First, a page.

Confirming Einstein?

Guest Post by Sourendu Gupta, TIFR, Mumba

UPI today picked up what is probably its first ever
news story about lattice gauge theory
. This is a method of dealing with a
quantum field theory which is usually applied to problems where nothing else
works, and is heavily dependent on modern supercomputers. The news is about
an
application to computing the mass of a proton
by Stephan Duerr and his
collaborators. If you are not familiar with particle physics and field
theories, then think of it as computing
Avogadro’s
number to three digit precision
using as input only the standard model
of particle physics.

Quantum field theories inherit infinities from classical theories of
matter: most well-known of which is the infinity encountered in Lorentz’s theory
of the electron
. Because of such infinities, classical theories cannot
manage to explain the structure of matter, ie, the masses of elementary
particles, and their basic interactions. However, quantum theories can
remove these infinities and make precise predictions about physical
quantities. The process by which this is done is called renormalization.

In the 1970’s Kenneth
Wilson
exploited a deep connection between quantum theory and
statistical mechanics to understand the physics of renormalization. Since
then his insights have permeated all theories of matter and started a quiet
revolution which has gone largely unnoticed outside the world of theoretical
physics. However, Wilson’s way of understanding renormalization has
provided solutions to many outstanding problems: the computation of Avogrado’s
number starting from particle physics being just one.

Mass media, however, recognize Einstein as the sole repository of genius
in the sciences. Hence the connection with him in UPI’s report, and the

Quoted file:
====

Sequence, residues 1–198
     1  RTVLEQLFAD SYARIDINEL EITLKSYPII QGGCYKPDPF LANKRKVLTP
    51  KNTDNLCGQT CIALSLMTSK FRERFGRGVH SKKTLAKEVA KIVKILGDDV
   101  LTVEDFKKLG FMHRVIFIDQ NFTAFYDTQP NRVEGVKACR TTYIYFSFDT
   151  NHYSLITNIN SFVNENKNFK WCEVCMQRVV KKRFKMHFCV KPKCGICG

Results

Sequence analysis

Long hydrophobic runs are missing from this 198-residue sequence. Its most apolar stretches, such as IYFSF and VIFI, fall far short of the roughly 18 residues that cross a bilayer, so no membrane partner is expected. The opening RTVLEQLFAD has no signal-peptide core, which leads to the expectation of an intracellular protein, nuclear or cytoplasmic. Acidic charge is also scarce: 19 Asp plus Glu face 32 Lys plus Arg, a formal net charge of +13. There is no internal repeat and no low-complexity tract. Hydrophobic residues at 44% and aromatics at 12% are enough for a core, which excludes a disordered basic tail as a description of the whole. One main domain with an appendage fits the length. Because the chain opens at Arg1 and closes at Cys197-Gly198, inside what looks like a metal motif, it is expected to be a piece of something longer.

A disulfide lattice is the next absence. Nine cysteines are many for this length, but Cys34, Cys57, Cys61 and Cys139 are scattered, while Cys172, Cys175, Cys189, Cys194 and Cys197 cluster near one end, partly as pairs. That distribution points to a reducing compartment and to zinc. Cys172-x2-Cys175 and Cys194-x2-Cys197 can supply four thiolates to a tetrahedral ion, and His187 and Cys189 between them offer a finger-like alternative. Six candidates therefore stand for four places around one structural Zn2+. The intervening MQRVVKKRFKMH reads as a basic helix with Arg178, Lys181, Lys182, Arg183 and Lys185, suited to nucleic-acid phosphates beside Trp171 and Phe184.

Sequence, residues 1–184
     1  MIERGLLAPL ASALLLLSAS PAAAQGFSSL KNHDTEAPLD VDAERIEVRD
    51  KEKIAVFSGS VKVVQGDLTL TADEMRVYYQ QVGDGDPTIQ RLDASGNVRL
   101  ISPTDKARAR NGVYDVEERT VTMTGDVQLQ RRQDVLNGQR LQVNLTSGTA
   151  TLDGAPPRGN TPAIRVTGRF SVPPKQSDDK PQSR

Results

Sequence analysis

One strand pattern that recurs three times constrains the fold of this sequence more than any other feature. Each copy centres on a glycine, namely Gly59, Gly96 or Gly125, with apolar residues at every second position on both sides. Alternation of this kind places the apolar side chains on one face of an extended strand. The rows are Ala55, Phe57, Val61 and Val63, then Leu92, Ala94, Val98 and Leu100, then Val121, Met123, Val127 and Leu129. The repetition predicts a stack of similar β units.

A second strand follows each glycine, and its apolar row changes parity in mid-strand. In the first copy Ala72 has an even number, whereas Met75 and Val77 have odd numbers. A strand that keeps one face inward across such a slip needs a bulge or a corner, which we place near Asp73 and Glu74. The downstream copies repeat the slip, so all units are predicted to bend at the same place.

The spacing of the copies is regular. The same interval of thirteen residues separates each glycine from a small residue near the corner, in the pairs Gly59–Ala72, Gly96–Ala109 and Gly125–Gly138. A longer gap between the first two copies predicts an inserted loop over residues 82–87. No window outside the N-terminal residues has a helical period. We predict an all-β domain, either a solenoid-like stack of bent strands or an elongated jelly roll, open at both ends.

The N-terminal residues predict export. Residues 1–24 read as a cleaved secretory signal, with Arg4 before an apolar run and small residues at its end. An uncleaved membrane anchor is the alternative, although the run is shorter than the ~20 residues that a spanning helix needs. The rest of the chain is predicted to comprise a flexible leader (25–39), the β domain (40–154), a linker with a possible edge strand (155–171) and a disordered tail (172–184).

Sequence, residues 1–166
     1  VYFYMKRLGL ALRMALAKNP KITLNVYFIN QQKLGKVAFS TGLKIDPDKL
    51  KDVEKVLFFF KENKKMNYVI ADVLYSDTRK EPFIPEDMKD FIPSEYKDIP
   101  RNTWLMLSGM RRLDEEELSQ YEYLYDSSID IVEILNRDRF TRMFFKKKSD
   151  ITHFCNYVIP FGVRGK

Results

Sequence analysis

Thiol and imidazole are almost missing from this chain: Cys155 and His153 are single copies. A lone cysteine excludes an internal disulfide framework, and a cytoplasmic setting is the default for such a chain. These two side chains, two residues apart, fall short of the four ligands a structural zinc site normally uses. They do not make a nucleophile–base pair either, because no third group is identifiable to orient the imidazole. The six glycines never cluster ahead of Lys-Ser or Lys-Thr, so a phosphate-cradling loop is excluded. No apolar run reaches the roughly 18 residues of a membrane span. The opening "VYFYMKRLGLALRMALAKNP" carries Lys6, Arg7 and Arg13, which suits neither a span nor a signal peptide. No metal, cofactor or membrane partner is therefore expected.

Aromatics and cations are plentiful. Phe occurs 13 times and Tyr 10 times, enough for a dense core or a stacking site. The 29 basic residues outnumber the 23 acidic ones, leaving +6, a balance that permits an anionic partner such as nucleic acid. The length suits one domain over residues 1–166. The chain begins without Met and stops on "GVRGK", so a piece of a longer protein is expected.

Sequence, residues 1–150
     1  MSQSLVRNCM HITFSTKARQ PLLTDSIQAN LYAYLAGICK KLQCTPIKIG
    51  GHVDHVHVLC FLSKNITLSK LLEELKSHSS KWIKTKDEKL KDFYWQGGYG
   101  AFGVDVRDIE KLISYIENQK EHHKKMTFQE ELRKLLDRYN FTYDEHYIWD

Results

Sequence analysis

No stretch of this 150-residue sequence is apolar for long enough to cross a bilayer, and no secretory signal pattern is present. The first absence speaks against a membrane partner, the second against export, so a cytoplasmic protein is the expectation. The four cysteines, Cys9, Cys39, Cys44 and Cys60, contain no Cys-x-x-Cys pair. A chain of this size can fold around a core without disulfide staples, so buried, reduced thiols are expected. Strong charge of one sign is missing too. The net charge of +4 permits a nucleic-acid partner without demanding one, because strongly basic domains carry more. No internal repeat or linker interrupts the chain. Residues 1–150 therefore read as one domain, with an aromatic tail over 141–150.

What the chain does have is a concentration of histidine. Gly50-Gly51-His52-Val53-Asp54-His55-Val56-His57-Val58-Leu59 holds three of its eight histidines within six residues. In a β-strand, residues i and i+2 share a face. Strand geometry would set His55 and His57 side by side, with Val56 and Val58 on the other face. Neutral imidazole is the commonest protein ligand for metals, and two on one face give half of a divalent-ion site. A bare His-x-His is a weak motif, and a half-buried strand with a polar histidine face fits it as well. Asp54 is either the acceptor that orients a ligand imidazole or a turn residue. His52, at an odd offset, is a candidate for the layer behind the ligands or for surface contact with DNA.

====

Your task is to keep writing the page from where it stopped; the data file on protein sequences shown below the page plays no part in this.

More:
invocation of his name by media science in general. To the
extent that particle physics uses relativistic quantum field theories, the
report by UPI is certainly not wrong. E=mc2 is certainly
important (again, for the umpteen millionth time) and the supercomputers
used most definitely treat the theory on a space-time lattice. However these
are not the most exciting things about the result reported.

For those who attend the
Lattice Meeting
each summer, the exciting aspect of this work is that it is one of several
this year which compute the masses of
the proton and other
hadrons
with high accuracy. Lattice gauge theory is now testably one
of the most accurate methods of dealing with quantum field theory.

You might expect such a powerful technique to have other things to say. It
does. Other works have begun to predict new and as yet unobserved hadrons,
some of which may well be seen at the
LHC,
the Beijing synchrotron,
the Jefferson lab or the Japanese collider
J-PARC. Results from lattice QCD
are also important in tests of CP violations, for which one half of
this
year’s Nobel prize in physics
was awarded.

Interestingly,
the
other half of the same Nobel prize
is closely related to another
prediction of lattice gauge theory: that of a phase transition to
a completely new state
of elementary particle matter
; one in which there are no hadrons. The
reverse phase transition is expected to have occurred within the first
microsecond of the history of the universe. This kind of matter may already
have been created in a lab: the RHIC.
It will be studied further in the LHC.

We are now firmly in the era of lattice gauge theory as a major tool in the
box of tricks for theoretical particle physics. This is the place where
quantum physics,
relativity and supercomputing
come together. The newspaper report you
saw may have got it wrong, but it wasn’t completely wrong.

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